Why are these reflections of interest to an IP blog? The answer lies in a recent Press Association news release, reproduced in relevant part below:
"The creation of a separate legal jurisdiction for Wales would be a major economic boost for the principality, Plaid Cymru AM Simon Thomas has said. The prospect of Wales having its own legal system could be on the cards following a government consultation.Thomas cited the precedent of Northern Ireland, where there is already a distinct legal jurisdiction and a justice system that employs around 16,000 people.
Although no firm decision has been made, officials say the issue needs to be examined due to increasing differences between the law in England and in Wales following the onset of devolution.
The Welsh Assembly has powers in 20 devolved areas and since last year the institution gained primary law-making powers. However, even if laws passed by the Assembly only apply to Wales, they are still part of the law of England and Wales. ...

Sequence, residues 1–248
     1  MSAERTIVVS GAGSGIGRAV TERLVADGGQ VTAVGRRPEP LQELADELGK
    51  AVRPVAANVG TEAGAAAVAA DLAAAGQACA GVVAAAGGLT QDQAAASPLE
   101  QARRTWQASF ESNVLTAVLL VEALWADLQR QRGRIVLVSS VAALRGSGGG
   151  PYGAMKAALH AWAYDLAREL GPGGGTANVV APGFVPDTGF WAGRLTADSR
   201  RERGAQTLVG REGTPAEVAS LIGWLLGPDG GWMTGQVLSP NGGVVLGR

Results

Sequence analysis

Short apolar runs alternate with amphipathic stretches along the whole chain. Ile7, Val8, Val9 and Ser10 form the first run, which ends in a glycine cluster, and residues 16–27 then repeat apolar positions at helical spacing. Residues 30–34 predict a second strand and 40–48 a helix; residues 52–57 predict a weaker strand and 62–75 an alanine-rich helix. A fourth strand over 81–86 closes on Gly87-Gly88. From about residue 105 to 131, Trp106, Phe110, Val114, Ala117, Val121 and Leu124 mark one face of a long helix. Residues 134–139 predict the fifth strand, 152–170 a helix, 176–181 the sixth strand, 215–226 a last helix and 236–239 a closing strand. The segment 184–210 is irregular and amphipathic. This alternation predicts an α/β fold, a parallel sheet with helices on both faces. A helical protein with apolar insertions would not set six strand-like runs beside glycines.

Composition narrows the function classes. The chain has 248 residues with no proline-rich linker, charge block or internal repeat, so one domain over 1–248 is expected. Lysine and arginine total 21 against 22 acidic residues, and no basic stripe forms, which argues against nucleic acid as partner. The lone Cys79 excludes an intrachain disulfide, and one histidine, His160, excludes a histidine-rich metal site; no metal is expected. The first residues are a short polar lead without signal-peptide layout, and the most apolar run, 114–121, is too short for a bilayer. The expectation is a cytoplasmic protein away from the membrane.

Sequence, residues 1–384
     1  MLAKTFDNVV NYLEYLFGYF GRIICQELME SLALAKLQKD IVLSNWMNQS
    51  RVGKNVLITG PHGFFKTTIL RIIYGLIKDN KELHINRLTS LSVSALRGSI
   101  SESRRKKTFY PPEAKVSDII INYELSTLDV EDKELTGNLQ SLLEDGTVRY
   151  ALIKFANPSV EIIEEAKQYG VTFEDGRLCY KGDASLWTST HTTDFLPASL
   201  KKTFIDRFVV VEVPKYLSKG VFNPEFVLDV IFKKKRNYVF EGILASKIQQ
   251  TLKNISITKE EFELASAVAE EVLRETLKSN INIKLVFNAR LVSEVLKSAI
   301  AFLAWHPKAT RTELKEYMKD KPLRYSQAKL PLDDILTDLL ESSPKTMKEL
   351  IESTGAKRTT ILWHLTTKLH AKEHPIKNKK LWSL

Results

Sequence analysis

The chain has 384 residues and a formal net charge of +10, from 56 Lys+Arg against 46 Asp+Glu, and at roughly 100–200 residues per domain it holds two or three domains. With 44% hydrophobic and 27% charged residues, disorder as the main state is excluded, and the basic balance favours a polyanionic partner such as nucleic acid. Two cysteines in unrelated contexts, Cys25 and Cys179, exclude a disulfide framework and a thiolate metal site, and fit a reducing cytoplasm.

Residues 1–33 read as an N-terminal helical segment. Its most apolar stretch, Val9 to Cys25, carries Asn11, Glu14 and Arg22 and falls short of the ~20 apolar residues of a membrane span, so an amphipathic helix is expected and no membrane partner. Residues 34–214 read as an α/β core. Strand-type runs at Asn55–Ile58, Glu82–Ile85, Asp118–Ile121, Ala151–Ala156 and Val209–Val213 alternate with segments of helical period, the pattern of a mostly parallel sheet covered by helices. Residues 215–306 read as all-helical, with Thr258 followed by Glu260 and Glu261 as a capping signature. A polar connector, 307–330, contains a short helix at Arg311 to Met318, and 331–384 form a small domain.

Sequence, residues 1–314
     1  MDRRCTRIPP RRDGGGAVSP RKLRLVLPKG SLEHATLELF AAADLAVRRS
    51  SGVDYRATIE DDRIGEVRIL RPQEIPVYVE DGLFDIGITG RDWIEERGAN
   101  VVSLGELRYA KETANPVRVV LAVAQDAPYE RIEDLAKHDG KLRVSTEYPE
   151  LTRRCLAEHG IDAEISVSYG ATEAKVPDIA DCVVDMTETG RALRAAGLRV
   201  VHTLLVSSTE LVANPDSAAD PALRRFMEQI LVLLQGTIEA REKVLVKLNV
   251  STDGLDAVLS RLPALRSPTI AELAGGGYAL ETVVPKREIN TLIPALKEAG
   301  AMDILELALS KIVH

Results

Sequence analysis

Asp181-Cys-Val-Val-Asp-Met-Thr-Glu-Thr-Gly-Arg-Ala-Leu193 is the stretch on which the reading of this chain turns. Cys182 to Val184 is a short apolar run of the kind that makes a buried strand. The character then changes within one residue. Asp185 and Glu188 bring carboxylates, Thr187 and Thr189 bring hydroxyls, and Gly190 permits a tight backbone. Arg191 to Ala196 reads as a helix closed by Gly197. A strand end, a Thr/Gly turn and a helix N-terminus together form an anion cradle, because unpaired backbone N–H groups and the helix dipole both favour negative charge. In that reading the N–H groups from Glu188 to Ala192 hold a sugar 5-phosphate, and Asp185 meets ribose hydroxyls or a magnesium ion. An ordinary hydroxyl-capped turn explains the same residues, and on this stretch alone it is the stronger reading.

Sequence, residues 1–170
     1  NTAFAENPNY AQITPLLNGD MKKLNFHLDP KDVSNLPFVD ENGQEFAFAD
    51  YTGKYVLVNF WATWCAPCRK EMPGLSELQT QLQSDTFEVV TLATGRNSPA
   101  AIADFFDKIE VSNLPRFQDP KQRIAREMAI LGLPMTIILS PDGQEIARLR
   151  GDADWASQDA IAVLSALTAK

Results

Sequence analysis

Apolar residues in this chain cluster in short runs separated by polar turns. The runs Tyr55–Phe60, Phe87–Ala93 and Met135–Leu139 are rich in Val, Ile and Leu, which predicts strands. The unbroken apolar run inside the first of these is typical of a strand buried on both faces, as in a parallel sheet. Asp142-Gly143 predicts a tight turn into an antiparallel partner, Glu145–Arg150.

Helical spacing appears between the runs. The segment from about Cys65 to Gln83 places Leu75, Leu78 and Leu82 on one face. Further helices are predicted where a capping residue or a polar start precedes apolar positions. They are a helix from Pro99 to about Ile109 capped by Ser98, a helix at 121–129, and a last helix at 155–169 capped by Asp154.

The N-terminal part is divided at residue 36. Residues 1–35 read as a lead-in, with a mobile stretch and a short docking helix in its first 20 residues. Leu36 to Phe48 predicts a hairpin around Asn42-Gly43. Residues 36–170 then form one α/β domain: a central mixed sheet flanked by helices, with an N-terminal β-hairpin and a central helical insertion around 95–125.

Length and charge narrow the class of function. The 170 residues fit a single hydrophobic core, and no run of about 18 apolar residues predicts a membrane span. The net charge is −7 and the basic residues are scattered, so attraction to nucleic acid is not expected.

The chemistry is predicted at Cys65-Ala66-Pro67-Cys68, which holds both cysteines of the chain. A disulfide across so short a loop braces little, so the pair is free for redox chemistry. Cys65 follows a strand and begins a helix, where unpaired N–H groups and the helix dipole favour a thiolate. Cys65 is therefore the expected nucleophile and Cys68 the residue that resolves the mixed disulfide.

Mid and West Wales AM Mr Thomas [said].
"As distinct laws in England and Wales are created, it is inevitable distinct legal jurisdictions will be created eventually. "The question we have to ask now is whether we want to grasp the nettle and proactively work towards the goal of a distinct legal jurisdiction, or do we want to just leave it to evolve in an ad hoc and uncontrolled way? The creation of a distinct legal jurisdiction could be a real economic driver for Wales. Not just the fact that power will be closer to the people, but that the supply of skilled jobs in the legal profession will increase. It would mean more opportunities to keep our talented young graduates in Wales ...".
|Not many Welsh names have been the subject|
of applications for GI protection ...
What might be the effect of dismantling of the current jurisdiction of England and Wales? Will it provide exciting new opportunities for small local IP practices to spring up in the hillsides -- or will it create small practices in a more painful manner, by causing more clients to prefer the tried and tested English system to a new, unfamiliar one and reducing some of the Principality's larger IP practices to small ones?